The Curious Case of Benjamin Button by F. Scott Fitzgerald

Title:  The Curious Case of Benjamin Button

Author:  F. Scott Fitzgerald

Paperback:  32 pages

Date Published:  February 18, 2008

Publisher:  Juniper Grove

ISBN:  9781603550833

A nurse was sitting behind a desk in the opaque gloom of the hall.  Swallowing his shame, Mr. Button approached her.

“Good-morning,” she remarked, looking up at him pleasantly.

“Good-morning.  I -I am Mr. Button.”

At this a look of utter terror spread itself over the girl’s face.  She rose to her feet and seemed about to fly from the hall, restraining herself only with the most apparent difficulty.

“I want to see my child,” said Mr. Button.

…Ranged around the walls were half a dozen white-enameled rolling cribs, each with a tag tied at the head.

“Well,” gasped Mr. Button, “which is mine?”

“There!” said the nurse.

Mr. Button’s eyes followed her pointing finger, and this is what he saw.  Wrapped in a voluminous white blanket, and partially crammed into one of the cribs, there sat an old man apparently about seventy years of age.  His sparse hair was almost white, and from his chin dripped a long smoke-colored beard, which waved absurdly back and forth, fanned by the breeze coming in at the window.  He looked up at Mr. Button with dim, faded eyes in which lurked a puzzled question.

“Am I mad?”  thundered Mr. Button, his terror resolving into rage.  “Is this some ghastly hospital joke?”

“It doesn’t seem like a joke to us,”  replied the nurse severely.  “And I don’t know whether you’re mad or not – but that is most certainly your child.”

-”The Curious Case of Benjamin Button” by F. Scott Fitzgerald, pages 3-4

Originally published in Collier’s,  F. Scott Fitzgerald’s short story, “The Curious Case of Benjamin Button,” was inspired by a comment once made by Mark Twain.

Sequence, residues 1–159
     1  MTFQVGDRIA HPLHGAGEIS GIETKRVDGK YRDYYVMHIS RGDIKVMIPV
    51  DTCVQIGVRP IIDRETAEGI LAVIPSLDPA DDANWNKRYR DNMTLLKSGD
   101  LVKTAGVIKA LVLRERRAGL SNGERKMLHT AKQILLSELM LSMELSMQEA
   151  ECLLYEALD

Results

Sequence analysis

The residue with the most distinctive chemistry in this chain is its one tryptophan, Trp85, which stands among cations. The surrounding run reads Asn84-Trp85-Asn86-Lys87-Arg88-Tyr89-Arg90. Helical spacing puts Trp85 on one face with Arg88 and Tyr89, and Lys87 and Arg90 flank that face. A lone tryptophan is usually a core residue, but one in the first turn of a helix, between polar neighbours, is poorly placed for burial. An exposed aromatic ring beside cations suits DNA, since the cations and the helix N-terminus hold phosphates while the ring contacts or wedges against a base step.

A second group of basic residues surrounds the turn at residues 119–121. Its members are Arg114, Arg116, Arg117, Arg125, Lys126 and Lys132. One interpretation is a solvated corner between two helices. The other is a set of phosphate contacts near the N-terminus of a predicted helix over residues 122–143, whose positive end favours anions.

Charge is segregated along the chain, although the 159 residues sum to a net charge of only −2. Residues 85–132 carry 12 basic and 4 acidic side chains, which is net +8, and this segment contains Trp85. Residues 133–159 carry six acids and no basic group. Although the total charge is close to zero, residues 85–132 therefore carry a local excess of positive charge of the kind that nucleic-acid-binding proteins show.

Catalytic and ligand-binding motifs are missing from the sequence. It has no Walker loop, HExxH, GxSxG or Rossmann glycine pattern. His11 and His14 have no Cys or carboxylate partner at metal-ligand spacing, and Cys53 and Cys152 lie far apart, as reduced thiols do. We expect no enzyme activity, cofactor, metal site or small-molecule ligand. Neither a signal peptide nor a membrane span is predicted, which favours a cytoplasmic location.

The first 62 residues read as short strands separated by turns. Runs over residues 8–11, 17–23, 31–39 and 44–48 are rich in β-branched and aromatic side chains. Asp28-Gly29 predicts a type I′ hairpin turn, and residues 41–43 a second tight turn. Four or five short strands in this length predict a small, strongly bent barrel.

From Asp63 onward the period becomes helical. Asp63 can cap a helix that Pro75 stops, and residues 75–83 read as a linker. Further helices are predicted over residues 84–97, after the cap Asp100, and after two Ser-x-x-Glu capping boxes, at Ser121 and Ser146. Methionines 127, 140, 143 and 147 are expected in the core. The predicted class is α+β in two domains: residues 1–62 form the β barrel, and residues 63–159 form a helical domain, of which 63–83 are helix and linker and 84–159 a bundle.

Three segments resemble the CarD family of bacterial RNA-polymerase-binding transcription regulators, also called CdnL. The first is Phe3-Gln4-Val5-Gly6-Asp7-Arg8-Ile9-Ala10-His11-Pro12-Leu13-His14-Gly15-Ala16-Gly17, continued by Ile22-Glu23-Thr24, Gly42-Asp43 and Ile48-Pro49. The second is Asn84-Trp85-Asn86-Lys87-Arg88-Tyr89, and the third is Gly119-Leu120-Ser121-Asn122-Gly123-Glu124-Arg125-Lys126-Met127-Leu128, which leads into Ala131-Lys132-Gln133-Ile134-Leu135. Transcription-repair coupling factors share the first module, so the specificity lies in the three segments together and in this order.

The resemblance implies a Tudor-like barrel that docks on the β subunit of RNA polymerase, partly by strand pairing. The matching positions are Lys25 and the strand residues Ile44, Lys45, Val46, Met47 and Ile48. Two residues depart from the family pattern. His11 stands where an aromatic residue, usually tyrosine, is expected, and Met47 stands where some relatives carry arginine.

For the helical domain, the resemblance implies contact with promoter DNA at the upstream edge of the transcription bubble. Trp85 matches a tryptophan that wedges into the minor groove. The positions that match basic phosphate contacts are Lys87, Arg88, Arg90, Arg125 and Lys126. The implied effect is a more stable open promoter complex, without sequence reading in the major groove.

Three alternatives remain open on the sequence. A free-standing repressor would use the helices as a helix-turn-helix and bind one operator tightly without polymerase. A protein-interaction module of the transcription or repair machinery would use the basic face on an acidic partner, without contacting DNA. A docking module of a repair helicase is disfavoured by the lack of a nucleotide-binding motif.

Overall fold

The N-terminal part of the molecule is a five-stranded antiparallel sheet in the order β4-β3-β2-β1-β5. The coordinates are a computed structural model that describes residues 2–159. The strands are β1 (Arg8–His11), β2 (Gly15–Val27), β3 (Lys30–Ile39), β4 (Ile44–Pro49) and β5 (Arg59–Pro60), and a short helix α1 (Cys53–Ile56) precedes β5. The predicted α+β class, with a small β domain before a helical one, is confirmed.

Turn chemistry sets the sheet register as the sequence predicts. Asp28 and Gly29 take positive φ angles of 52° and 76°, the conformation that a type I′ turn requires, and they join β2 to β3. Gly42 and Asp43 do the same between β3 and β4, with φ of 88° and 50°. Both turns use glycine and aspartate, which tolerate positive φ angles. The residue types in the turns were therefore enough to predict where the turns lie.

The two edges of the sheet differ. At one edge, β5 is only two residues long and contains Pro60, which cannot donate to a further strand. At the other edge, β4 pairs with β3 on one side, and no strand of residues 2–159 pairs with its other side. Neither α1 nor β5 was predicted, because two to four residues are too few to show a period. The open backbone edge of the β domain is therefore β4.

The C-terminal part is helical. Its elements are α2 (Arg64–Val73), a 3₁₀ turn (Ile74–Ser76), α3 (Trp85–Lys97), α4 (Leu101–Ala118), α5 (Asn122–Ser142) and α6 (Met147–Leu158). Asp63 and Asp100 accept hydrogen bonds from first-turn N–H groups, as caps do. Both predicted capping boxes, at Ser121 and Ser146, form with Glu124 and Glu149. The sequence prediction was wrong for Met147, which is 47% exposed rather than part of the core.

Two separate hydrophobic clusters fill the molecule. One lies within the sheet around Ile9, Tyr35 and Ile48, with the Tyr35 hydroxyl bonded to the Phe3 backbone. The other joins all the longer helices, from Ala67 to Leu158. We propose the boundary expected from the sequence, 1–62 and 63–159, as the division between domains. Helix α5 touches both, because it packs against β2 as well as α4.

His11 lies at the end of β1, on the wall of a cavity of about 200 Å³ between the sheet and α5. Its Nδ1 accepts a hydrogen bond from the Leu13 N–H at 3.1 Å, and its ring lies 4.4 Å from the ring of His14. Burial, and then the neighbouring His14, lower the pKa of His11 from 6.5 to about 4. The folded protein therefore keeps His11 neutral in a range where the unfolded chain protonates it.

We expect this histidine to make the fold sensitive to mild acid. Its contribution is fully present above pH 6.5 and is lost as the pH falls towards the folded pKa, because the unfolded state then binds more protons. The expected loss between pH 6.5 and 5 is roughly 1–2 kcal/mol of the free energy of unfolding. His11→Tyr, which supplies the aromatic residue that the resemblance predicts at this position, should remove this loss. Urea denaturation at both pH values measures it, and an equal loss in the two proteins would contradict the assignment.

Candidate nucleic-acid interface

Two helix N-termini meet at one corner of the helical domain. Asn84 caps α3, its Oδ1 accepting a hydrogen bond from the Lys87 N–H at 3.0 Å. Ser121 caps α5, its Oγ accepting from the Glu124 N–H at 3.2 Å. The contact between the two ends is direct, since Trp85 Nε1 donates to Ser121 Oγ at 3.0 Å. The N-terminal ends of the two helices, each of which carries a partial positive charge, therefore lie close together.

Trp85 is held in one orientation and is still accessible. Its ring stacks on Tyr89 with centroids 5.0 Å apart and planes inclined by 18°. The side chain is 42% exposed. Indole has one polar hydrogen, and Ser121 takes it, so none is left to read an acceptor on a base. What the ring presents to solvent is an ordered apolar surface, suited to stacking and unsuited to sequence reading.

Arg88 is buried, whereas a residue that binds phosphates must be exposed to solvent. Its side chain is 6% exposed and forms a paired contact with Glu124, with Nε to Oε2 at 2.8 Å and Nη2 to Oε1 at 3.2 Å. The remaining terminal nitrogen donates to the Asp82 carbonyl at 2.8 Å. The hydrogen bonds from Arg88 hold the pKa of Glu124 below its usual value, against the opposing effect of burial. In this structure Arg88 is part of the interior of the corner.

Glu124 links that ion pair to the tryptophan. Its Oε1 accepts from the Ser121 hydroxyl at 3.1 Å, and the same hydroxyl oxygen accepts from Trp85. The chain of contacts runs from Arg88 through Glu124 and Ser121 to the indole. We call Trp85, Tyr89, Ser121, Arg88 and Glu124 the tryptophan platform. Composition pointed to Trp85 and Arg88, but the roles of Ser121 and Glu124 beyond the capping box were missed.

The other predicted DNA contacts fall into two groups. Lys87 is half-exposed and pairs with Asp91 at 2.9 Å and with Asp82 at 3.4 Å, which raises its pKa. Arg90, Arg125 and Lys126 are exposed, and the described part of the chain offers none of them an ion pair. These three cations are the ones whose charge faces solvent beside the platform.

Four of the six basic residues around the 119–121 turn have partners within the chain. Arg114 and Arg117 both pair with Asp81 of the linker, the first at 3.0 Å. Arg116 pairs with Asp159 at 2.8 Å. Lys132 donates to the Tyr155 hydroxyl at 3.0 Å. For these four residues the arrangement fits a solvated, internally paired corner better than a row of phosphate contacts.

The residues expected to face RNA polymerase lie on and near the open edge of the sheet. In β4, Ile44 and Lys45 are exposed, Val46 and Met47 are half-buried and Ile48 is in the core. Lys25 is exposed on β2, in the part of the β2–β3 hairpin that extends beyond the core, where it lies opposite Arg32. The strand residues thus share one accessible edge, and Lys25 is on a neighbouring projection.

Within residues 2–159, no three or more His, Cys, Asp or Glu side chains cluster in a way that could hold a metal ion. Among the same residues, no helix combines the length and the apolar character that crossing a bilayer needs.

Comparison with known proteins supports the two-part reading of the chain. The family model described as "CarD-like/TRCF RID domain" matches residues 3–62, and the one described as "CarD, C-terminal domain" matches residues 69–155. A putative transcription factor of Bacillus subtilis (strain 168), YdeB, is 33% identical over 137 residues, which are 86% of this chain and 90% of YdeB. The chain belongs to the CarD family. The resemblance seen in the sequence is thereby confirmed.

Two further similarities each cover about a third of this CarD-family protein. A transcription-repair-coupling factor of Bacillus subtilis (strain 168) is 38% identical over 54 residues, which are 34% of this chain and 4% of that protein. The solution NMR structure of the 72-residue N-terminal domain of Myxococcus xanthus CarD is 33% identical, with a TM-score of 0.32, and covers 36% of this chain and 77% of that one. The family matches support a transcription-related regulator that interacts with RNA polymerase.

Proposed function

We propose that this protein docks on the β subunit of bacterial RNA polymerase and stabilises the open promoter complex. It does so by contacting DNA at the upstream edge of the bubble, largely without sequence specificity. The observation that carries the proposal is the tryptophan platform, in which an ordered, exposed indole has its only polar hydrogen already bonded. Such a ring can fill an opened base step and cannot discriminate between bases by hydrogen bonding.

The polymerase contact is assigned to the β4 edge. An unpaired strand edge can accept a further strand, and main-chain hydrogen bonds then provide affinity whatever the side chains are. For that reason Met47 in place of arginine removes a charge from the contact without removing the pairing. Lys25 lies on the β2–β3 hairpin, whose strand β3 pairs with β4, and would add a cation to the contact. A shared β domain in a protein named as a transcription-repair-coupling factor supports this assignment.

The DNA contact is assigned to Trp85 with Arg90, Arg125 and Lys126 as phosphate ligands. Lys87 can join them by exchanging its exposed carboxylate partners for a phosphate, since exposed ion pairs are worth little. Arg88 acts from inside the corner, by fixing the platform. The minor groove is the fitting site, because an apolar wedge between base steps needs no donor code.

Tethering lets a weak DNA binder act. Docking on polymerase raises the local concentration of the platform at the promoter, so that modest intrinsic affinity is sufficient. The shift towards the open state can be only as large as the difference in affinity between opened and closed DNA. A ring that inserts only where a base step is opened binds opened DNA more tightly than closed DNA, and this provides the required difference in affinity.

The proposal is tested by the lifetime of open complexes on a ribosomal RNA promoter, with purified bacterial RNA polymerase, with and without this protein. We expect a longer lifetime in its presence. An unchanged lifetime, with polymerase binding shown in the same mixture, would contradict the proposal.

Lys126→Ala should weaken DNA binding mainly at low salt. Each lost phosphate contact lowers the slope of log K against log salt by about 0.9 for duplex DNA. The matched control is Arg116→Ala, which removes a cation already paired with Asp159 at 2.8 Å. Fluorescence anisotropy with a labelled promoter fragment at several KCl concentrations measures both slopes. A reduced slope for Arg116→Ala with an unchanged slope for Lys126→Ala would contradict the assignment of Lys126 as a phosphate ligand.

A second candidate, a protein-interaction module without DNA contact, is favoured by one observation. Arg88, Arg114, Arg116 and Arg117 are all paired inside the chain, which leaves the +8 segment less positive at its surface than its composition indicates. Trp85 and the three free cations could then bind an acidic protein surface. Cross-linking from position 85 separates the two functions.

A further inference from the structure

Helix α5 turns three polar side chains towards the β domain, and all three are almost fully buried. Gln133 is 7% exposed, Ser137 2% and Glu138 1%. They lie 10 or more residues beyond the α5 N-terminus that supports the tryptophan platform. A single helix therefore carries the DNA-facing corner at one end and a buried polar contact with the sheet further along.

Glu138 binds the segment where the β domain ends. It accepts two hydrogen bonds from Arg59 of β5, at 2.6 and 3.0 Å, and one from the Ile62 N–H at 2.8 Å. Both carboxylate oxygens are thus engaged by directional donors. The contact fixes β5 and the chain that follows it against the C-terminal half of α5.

Life would be infinitely happier if we could only be born at the age of 80 and gradually approach 18.

Such was the beginning for the stories main character, Benjamin Button.  Born as an elderly man, much to the chagrin of his socially and financially prominent family, his father initially intends to name his newborn “Methuselah” after the longest-living biblical patriarch who died at the age of 969 years of age.

Throughout the story, Benjamin lives a life that lacks, for the most part, acceptance.  His father doesn’t accept him as  a child and insists he wear short pants and play with toys, all the while the aged young Button would rather read the Encyclopedia Britannica and smoke Cuban cigars.  At the age of 18 (though looking 50), Benjamin is run out of New Haven, Connecticut by a mob when he insists to the Yale registrar that he is indeed both a freshman and eighteen.  As he grows younger and his wife grows older, she insists he stop being different and grow old like normal people, a sentiment later echoed by his own son.

While “The Curious Case of Benjamin Button” is an interesting story, it is dated in it’s language and cultural sense.  A fifty-year-old college freshman would be commended today, rather than mocked.  In a world with the Internet and Paparazzi lurking behind every bush, waiting to snap a picture of the social elite, when those same pictures are discussed for weeks and speculations are made on national television, blogs and by comedians and late-night talk show host as to whether they’ve had work done, are suffering from an eating disorder or are doing crack, the global nature of our “community” would render it impossible to notice Button’s de-aging process.